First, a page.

- Operating System: Smart home systems network devices for the home and turn a smartphone or tablet into a universal remote, giving users control over their smart home devices and other systems. They can be integrated with other smart devices and systems to remotely control locks, lights, thermostats, cameras, and sensors, either with a tap or a voice command.
- Smart Device Apps: To use a smart operating system, users need to download the corresponding app on their smart device. This makes it possible to control lighting on a phone or tablet from any location. Using an app, lights can be set to switch on gradually in the morning to simulate sunrise or dim gradually at night when the user goes to bed. Bulbs can also be grouped into rooms on the app so that the user can switch the lights on or off in entire rooms or even floors at once, either with a tap or a voice command.
- Smart/Li-Fi Bulbs: There are many options for LED smart bulbs. There can be turned on and off, dimmed, or even change color via voice control or smartphone apps and integrate with smart home devices and home operating systems. Some bulbs use light fidelity (Li-Fi) technology, which creates fast wireless communications.
- Smart Wall Plugins: Some smart home lighting systems don’t use smart bulbs; they use smart wall Wi-Fi outlets, plugs, power strips, and plugins. With this technology, users can turn devices on and off remotely from anywhere with an Internet connection, set automation rules for intelligent usage habits, and monitor power consumption in real-time.
- Smart Sensors: Almost all smart lighting systems use sensors, consisting of a detector (heat, light, motion, sound), an electronic control unit, and a controllable switch/relay. The detector can tell when there are occupants in a house or room. It also has a timer that signals the electronic control unit after a set period of inactivity. The control unit uses this signal to activate the switch/relay to turn equipment on or off.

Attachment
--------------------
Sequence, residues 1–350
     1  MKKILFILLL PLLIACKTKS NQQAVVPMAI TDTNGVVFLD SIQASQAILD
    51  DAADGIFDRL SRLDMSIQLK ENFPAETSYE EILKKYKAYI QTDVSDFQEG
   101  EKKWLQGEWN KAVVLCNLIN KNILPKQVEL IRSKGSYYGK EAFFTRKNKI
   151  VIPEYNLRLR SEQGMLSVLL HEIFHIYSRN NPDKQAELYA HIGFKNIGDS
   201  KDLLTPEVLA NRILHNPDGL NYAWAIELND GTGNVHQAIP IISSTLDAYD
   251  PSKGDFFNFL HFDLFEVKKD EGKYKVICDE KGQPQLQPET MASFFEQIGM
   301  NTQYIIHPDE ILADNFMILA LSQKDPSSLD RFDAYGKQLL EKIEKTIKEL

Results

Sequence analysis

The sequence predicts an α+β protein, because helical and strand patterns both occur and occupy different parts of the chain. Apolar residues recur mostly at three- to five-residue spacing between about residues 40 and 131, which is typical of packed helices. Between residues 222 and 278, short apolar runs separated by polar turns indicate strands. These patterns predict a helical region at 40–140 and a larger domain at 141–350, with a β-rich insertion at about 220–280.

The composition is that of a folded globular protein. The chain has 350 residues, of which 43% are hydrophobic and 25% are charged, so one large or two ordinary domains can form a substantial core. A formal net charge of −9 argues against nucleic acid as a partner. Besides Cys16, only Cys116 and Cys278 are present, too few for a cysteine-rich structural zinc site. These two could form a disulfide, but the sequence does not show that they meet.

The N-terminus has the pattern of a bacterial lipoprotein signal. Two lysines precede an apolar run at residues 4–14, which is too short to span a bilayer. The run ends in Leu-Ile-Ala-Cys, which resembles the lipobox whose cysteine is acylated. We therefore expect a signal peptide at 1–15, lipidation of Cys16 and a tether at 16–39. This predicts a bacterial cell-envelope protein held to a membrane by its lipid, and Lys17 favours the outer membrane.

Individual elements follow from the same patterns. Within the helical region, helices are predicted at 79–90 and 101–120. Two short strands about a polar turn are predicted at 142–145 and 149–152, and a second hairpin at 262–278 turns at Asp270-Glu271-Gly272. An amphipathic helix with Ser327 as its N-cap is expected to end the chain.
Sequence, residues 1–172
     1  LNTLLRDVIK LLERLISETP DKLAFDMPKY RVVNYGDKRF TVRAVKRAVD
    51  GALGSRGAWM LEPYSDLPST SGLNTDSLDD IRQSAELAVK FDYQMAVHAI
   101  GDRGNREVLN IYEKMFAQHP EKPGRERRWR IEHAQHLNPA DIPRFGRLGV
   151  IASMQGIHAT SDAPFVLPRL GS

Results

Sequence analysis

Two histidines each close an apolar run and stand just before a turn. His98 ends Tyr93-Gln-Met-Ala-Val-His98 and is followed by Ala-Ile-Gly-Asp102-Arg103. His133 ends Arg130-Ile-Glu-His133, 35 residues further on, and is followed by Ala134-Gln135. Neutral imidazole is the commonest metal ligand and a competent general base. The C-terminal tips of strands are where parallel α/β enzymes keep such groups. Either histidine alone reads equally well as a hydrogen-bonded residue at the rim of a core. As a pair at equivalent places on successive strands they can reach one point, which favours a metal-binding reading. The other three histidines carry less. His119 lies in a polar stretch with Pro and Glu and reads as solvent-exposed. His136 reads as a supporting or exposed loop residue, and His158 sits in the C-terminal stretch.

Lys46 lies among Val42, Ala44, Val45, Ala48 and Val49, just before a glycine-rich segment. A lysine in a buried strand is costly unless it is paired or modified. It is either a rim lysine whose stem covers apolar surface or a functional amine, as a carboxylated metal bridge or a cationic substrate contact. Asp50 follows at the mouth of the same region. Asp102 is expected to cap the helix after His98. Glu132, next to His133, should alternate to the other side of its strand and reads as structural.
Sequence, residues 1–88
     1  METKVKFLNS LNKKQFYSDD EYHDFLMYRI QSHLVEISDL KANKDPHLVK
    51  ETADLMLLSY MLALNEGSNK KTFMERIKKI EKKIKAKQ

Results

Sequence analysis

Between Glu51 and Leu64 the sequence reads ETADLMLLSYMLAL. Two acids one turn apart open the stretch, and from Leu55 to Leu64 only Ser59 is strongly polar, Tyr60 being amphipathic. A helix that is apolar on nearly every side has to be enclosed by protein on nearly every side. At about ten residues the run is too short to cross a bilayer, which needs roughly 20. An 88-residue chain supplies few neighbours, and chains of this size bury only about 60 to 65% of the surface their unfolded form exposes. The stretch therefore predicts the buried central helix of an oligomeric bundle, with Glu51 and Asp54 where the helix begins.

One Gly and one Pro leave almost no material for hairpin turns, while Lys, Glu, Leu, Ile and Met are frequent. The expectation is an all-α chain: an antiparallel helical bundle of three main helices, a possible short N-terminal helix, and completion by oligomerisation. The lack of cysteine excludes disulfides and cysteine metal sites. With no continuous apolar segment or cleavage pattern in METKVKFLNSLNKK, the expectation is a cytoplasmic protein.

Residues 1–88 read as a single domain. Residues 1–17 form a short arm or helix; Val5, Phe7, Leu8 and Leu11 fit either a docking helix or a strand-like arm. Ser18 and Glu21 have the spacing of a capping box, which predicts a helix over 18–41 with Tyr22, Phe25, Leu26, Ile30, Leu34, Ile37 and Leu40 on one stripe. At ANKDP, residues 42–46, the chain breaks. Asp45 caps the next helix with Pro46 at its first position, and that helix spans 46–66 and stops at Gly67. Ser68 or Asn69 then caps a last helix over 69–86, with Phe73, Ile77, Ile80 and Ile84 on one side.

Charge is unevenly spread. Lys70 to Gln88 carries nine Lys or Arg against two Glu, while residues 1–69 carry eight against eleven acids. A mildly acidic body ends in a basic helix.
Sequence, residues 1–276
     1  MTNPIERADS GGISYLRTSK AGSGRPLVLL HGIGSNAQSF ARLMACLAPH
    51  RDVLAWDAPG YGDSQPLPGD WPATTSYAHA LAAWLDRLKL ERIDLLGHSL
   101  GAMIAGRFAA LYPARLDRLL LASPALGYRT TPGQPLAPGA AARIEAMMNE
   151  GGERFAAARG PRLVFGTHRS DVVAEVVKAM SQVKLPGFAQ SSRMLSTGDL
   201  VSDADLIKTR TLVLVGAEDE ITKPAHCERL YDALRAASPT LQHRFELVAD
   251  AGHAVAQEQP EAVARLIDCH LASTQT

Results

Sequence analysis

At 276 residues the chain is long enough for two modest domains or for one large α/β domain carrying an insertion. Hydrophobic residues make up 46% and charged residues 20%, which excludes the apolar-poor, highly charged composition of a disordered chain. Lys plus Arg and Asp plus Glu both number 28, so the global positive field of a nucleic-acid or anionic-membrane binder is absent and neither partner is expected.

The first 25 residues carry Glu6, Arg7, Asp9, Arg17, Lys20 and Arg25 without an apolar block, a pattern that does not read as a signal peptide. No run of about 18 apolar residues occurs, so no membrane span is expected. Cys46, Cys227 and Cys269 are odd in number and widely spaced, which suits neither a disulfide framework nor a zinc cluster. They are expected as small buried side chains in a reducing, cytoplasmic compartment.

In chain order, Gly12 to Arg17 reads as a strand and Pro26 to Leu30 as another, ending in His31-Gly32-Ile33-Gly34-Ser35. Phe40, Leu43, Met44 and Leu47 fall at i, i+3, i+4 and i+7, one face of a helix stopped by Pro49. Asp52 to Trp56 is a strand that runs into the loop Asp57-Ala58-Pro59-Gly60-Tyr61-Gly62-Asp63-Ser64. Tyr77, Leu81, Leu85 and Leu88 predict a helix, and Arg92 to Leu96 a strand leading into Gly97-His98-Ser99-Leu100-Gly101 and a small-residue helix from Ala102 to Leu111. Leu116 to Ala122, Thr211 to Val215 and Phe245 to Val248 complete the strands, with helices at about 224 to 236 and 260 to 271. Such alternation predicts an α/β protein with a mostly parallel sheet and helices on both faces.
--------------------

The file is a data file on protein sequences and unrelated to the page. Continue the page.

Smart Home Lighting Systems: Conserves Energy
In 2016, total global energy came from 80% of fossil fuels (coal, natural gas, and petroleum). The main fossil fuel being used is natural gas (32%), coal (30%), and petroleum (1%). Processing all three forms have numerous damaging environmental impacts, such as air and water pollution, soil contamination, etc. 6% of greenhouse emissions in the world derive from energy used for lighting. Globally, 19% of electricity use is for commercial and residential lighting. With new smart lighting, residential energy use will decline by more than 50% in the range of 1,000 kW hours per household per year from 2012 to 2040. A typical lamp using a traditional light bulb consumes 60 watts of power, and a compact fluorescent lamp emits the same amount of light while using only 13 watts. [1,2] However, smart lighting using light-emitting diode (LED) bulbs consumes only 10 watts to give off the same amount of light. Besides conserving energy, smart lighting systems enabled with the Internet of things (IoT) technology can save people money by allowing them to remotely control their lighting, which lowers their energy use and saves them money. According to a report, new lighting technologies can reduce lighting energy by up to 75%. Also, by using LED lights, which are more energy-efficient and last up to 10 years, smart home lighting systems lower energy bills over time.  Smart Lighting Systems Technology To design a smart lighting system, several products need to be purchased and installed. The first step is to install smart bulbs or wall plugins. The next step is to install smart sensors and integrate them with the technology used for the bulbs or plugins with an operating system. The related app needs to be downloaded to a smart device to operate the system. Below are more details about the technology that’s needed for setting up a new smart lighting system: